Financial institutions attempt to mitigate the risk of lending to borrowers by performing a credit analysis on individuals and businesses applying for a new credit account or loan. This process is based on a review of a five key factors that predict the probability of a borrower defaulting on his debt. Called the five Cs of credit, they include capacity, capital, conditions, character and collateral. There is no regulatory standard that requires the use of the five Cs of credit, but the majority of lenders review most of this information prior to allowing a borrower to take on debt.
Lenders measure each of the five Cs of credit differently – some qualitative vs. quantitative, for example – as they do not always lend themselves easily to a numerical calculation. Although each financial institution employs its own variation of the process to determine creditworthiness, most lenders place the greatest amount of weight on a borrower's capacity.
Lenders must be sure that the borrower has the ability to repay the loan based on the proposed amount and terms. For business-loan applications, the financial institution reviews the company's past cash flow statements to determine how much income is expected from operations. Individual borrowers provide detailed information about the income they earn as well as the stability of their employment. Capacity is also determined by analyzing the number and amount of debt obligations the borrower currently has outstanding, compared to the amount of income or revenue expected each month.
Most lenders have specific formulas they use to determine whether a borrower's capacity is acceptable. Mortgage companies, for example, use the debt to income ratio, which states a borrower's monthly debt as a percentage of his monthly income. A high debt to income ratio is perceived by lenders as high risk, and it may lead to a decline or altered terms of repayment that cost more over the duration of the loan or credit line.
Lenders also analyze a borrower's capital level when determining creditworthiness. Capital for a business-loan application consists of personal investment into the firm, retained earnings and other assets controlled by the business owner. For personal-loan applications, capital consists of savings or investment account balances. Lenders view capital as an additional means to repay the debt obligation should income or revenue be interrupted while the loan is still in repayment.
Banks prefer a borrower with a lot of capital because that means he has some skin in the game. If his own money is involved, it gives a borrower a sense of ownership and provides an added incentive not to default on his loan. Banks measure capital quantitatively as a percentage of the total investment cost.
Conditions refer to the terms of the loan itself, as well as any economic conditions that might affect the borrower. Business lenders review conditions such as the strength or weakness of the overall economy and the purpose of the loan. Financing for working capital, equipment or expansion are common reasons listed on business loan applications. While this criterion tends to apply more to corporate applicants, individual borrowers are also analyzed for their need for taking on the debt. Common reasons include home renovations, debt consolidation or financing major purchases.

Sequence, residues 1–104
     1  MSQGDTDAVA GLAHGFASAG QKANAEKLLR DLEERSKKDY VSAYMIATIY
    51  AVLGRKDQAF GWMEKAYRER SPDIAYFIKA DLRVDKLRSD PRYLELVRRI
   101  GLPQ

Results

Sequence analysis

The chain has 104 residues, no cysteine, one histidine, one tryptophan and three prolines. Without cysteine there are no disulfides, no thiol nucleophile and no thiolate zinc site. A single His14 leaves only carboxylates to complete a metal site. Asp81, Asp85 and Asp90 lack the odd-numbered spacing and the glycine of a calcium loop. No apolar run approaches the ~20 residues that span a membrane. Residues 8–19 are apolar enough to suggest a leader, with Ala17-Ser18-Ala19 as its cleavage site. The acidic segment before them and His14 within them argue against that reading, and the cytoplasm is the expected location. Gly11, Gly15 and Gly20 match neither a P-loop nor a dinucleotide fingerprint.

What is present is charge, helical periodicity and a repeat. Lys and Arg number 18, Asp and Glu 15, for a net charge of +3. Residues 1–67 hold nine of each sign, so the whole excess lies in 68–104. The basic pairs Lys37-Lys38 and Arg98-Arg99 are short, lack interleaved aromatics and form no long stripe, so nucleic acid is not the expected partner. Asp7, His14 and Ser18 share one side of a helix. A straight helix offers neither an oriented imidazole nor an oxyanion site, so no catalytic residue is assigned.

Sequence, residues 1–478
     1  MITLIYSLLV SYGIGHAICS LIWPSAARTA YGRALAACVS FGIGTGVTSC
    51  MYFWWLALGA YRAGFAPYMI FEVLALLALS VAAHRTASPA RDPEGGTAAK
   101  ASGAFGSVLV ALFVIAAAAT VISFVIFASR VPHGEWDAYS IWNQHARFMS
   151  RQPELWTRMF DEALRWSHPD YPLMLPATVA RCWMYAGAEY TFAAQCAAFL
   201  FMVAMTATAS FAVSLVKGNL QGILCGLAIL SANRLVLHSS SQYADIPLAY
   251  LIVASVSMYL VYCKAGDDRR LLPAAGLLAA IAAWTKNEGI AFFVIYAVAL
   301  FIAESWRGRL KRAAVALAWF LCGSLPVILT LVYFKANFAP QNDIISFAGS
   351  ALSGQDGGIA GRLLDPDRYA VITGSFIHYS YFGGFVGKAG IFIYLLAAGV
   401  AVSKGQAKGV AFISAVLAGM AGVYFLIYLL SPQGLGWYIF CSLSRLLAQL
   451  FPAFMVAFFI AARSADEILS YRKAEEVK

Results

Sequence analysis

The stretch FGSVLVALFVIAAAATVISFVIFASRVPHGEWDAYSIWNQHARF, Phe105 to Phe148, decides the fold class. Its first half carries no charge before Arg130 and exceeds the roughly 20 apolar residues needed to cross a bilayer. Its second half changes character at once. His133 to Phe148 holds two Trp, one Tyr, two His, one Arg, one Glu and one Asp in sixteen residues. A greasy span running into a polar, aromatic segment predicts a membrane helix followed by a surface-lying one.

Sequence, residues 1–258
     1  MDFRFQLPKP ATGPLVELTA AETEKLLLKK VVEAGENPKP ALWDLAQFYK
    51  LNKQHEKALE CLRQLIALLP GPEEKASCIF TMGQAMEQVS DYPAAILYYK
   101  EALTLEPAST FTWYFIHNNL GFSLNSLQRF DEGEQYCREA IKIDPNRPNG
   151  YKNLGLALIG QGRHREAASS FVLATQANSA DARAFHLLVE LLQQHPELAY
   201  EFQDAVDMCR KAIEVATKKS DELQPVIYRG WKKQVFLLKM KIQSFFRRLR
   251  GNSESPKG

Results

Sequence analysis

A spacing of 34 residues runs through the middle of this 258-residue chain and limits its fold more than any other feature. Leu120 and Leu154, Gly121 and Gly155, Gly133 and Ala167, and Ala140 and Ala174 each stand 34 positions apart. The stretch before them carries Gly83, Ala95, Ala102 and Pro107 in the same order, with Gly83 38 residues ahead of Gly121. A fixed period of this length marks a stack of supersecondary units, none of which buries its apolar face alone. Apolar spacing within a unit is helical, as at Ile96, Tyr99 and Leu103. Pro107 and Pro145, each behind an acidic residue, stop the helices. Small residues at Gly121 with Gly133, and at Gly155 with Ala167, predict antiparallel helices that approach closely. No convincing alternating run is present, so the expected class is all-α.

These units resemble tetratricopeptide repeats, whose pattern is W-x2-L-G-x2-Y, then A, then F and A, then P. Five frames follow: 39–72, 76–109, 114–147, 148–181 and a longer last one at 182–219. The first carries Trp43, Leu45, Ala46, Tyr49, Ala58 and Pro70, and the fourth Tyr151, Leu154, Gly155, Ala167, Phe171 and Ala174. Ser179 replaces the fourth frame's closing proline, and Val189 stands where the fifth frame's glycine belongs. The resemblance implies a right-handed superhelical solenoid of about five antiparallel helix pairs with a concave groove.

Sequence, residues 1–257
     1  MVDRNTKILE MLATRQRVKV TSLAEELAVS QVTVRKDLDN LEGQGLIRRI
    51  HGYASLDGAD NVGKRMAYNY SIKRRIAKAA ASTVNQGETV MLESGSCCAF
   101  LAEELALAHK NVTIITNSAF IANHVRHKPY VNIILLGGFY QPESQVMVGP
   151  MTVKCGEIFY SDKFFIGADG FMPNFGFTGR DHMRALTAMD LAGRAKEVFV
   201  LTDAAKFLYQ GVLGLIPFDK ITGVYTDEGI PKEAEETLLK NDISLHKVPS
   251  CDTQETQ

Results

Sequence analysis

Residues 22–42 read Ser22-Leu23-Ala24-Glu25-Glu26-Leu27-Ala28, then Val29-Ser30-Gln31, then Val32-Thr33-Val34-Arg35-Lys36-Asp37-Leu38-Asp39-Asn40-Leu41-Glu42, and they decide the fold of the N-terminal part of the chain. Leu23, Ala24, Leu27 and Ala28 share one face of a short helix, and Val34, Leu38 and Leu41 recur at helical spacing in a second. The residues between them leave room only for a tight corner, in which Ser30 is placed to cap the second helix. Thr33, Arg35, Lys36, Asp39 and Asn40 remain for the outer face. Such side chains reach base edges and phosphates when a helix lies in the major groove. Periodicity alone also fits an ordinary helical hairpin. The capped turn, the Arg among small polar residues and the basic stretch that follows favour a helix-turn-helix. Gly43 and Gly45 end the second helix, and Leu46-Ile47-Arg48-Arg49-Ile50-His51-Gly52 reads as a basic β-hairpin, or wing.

This factor is the most subjective of the five Cs of credit and is evaluated mostly quantitatively. However, lenders also use certain quantitative measurements such as the loan's interest rate, principal amount and repayment length to assess conditions.
Character refers to a borrower's reputation or record vis-à-vis financial matters. The old adage that past behavior is the best predictor of future behavior is one that lenders devoutly subscribe to. Each has its own formula or approach for determining a borrower's character, honesty and reliability, but this assessment typically includes both qualitative and quantitative methods.
The more subjective ones include analyzing the debtor's educational background and employment history; calling personal or business references; and conducting a personal interview with the borrower. More objective methods include reviewing the applicant's credit history or score, which credit reporting agencies standardize to a common scale. (See also "What Is the Difference Between the Five Cs of Credit and Credit Rating?")
Although each of these factors plays a role in determining the borrower's character, lenders place more weight on the last two. If a borrower has not managed past debt repayment well or has a previous bankruptcy, his character is deemed less acceptable than a borrower with a clean credit history.
Personal assets pledged by a borrower as security for a loan are known as collateral. Business borrowers may use equipment or accounts receivable to secure a loan, while individual debtors often pledge savings, a vehicle or a home as collateral. Applications for a secured loan are looked upon more favorably than those for an unsecured loan because the lender can collect the asset should the borrower stop making loan payments. Banks measure collateral quantitatively by its value and qualitatively by its perceived ease of liquidation.
The Bottom Line
Each financial institution has its own method for analyzing a borrower's creditworthiness, but the use of the five Cs of credit is common for both individual and business credit applications. Of the quintet, capacity – basically, the borrower's ability to generate cash flow to service the interest and principal on the loan – generally ranks as the most important. But applicants who have high marks in each category are more apt to receive bigger loans, a lower interest rate and more favorable repayment terms.